As the price of concert date production continous to increase, many Americans are looking northward in their quest for cheaper tour schedules. But how reliable are these Canadian Web sites? Already, there are reports of misinformation caused by erroneous language translations and calendar conversion errors, along with rumors of donut crumb-infested schedules for Umphrey’s McGee and Dido, leading many experts to question, not only the authenticity of these Web sites, but the safety of the tour dates provided as well.

“For over a hundred years, American-manufactured tour dates by U.S. corporations like Ticketmaster and Clear Channel were considered the best in the world,” says noted concert historian, Dr. Hector Peabody of the WayBack Foundation, whose 1998 book, It’s June, Not Joon, blew the lid off of the burgeoning Canadian tour-date industry with its reports of Yukonese children forced to crank out schedules for Kittie and Sick Of It All while toiling away in concert itinerary sweatshops in Toronto, Montreal and Vancouver. “However, Americans are always looking for a bargain, and the lure of Canadian Web sites offering a 50 percent reduction in prices for schedules for such acts as Fleetwood Mac and Hoobastank, is hard to resist.”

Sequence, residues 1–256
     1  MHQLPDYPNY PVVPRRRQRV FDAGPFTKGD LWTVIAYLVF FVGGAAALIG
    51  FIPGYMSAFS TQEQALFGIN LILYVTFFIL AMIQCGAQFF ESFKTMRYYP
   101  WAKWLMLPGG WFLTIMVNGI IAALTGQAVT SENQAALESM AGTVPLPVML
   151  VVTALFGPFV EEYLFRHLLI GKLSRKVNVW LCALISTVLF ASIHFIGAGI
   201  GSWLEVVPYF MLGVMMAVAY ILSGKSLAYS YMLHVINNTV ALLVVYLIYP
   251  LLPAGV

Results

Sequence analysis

But resist is what the U.S. Food, Drug and Concert Administration is promoting to an itinerary-hungry nation. According to the FDCA, Canadian concert Web sites represent a Canadian agenda bent on worldwide domination, and if Americans continue to rely on these Web sites to deliver concert routings for their favorite artists, such as Brand Nubian or Jimmy Buffett, it is the FDCA’s opinion that it won’t be long before Americans are wearing flannel shirts, watching televised curling matches and replacing their children’s traditional after-school snack of cookies and milk with non-filtered cigarettes and mugs of Molson.

However, many consumer advocate groups are quick to denounce the FDCA’s actions as propaganda, claiming that Canadian tour date standards are just as rigid, if not more so, than similar U.S. safeguards. Furthermore, these same advocates point to the similarities in language, customs and alphabet as proof positive that Canadian tour-date Web sites offer the same info for Alanis Morissette, Bryan Adams and Avril Lavigne as do their American counterparts, only cheaper.

Are Canadian Web sites safe? Or will information such as The Clarks playing in New York City on August 4 cause confusion and bewilderment for Americans who are totally clueless when it comes to Canadian language idioms such as Beauty, Eh? and Take Off, Hosehead!? Although most Canadian concert Web sites seem safe, reports of various injuries, illnesses and dismemberments may cause many Americans to question whether a lower price for a schedule for Bob Dylan or Keith Urban is really the proverbial pot of back bacon at the end of the rainbow.

Coming up later this week: Would outsourcing service charge calculations to India’s workforce reduce ticket prices for Madonna and the Eagles? And if so, how would that affect parking fees at shows by KISS, Van Halen and Cher? Stay tuned.